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Title:Issues in Inquiry-Based Science Education Seen Through Dewey's Theory of Inquiry
Author(s):Won, Mihye
Director of Research:Bruce, Bertram C.
Doctoral Committee Chair(s):Bruce, Bertram C.
Doctoral Committee Member(s):Johnston-Parsons, Marilyn A.; Abd-El-Khalick, Fouad; Hug, Barbara
Department / Program:Curriculum and Instruction
Discipline:Secondary & Continuing Educ
Degree Granting Institution:University of Illinois at Urbana-Champaign
Subject(s):Inquiry-based education
John Dewey
Theory of Inquiry
Science education
Community-based education
Problematic situation
learning goals
Abstract:To understand the issues of inquiry-based education, I adopted John Dewey’s theory of inquiry as the analytical framework to examine science learning activities, students’ interactions, and education standards. Educators have tried to engage students in meaningful learning, but the analysis revealed that the meaning of inquiry was diverse: interesting hands-on materials to teach scientific knowledge; collaborative group work for independence and democratic attitudes; and dynamic problem solving to change the community and the students’ identities. Efforts to connect students’ experiences with school learning aimed at different learning outcomes and consequently met with a different set of dilemmas in drawing students’ participation and supporting their learning. The interaction among the educational goals, the learning outcomes, and the difficulties shows that we need to evaluate carefully the meanings of inquiry-based education and its learning goals in order to find better ways to ensure students’ growth to its fullest.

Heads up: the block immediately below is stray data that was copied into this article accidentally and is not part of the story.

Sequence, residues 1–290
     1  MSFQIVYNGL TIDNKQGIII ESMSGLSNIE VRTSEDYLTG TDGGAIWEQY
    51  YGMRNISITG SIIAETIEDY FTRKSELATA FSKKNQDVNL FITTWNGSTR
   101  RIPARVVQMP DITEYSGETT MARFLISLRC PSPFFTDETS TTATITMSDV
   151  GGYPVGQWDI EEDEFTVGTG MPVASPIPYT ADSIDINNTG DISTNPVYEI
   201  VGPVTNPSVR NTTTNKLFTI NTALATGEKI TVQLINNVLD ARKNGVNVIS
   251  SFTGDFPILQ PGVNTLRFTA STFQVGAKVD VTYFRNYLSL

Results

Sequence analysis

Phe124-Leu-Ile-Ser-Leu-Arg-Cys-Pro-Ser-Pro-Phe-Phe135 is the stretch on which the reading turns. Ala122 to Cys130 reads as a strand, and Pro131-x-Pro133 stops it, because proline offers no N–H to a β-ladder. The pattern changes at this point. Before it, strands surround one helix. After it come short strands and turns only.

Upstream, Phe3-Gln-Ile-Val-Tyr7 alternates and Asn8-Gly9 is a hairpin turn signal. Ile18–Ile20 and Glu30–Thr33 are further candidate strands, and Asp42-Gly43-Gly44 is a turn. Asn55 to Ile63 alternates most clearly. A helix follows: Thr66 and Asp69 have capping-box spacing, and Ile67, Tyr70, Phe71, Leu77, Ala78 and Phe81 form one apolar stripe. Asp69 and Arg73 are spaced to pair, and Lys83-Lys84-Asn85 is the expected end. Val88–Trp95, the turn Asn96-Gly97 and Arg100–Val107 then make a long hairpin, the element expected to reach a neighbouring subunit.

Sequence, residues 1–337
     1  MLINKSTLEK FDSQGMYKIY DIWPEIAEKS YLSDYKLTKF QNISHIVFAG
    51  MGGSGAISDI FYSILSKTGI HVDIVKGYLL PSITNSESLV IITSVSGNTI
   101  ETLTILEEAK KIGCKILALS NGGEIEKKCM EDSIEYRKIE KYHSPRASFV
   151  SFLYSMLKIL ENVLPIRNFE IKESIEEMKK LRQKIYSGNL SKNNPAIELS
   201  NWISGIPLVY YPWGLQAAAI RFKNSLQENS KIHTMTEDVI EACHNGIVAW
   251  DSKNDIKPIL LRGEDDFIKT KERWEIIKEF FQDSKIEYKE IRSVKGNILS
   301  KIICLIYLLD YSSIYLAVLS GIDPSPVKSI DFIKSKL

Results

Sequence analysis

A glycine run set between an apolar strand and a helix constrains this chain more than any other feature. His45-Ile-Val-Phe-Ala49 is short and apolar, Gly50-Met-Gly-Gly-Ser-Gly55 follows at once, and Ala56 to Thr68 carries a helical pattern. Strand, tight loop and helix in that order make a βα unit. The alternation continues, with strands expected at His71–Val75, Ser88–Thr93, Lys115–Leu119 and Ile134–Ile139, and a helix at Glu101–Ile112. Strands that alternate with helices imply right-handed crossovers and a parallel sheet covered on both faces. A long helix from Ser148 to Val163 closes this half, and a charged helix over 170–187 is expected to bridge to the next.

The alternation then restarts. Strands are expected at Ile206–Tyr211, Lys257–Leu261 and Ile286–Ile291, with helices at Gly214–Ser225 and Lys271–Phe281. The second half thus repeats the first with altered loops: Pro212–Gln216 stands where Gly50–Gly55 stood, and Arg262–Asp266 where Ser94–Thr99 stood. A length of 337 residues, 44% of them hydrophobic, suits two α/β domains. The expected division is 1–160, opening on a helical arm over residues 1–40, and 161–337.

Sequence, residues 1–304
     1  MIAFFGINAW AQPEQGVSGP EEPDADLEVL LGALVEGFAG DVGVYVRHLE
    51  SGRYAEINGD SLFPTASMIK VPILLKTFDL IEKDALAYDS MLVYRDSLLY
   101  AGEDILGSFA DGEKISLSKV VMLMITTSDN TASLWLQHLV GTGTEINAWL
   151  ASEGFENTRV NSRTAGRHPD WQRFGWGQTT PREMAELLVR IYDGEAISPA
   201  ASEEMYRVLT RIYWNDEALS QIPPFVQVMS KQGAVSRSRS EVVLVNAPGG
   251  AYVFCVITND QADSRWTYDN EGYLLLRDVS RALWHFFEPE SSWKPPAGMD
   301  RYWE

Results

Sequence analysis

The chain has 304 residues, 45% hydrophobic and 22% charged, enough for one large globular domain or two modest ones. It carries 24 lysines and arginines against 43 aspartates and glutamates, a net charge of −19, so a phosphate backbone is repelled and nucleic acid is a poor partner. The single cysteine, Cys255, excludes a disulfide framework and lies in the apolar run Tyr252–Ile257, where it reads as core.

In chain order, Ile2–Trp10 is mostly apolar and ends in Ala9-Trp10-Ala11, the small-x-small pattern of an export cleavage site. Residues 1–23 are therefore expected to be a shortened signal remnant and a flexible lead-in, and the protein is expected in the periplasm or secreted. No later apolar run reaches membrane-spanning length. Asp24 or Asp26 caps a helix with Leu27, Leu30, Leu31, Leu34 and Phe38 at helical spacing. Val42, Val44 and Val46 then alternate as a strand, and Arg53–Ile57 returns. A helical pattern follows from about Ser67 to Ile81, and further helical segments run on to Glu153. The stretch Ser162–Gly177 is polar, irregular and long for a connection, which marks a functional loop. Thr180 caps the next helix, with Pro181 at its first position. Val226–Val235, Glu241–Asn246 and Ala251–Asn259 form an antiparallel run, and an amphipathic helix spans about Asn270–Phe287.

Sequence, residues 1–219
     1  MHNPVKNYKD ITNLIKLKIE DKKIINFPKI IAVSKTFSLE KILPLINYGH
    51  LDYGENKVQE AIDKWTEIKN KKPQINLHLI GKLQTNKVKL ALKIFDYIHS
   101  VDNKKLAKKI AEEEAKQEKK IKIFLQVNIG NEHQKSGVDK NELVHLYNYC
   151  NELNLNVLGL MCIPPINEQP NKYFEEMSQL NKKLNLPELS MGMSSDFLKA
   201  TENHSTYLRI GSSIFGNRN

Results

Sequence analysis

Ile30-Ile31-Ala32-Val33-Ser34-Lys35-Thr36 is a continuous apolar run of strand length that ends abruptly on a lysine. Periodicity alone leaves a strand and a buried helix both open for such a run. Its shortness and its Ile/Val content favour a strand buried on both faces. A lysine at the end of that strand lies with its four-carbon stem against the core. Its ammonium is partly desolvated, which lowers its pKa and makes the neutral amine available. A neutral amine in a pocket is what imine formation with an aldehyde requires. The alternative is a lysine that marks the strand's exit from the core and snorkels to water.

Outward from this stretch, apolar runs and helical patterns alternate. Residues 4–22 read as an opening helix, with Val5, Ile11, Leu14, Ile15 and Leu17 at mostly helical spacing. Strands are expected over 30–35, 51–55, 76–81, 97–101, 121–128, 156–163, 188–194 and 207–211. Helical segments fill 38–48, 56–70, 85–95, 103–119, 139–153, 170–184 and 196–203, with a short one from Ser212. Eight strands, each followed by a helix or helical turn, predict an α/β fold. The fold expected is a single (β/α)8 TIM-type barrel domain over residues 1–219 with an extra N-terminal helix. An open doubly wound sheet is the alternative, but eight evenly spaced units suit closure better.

Issue Date:2010-01-06
Rights Information:Copyright 2009 Mihye Won
Date Available in IDEALS:2010-01-06
Date Deposited:December 2

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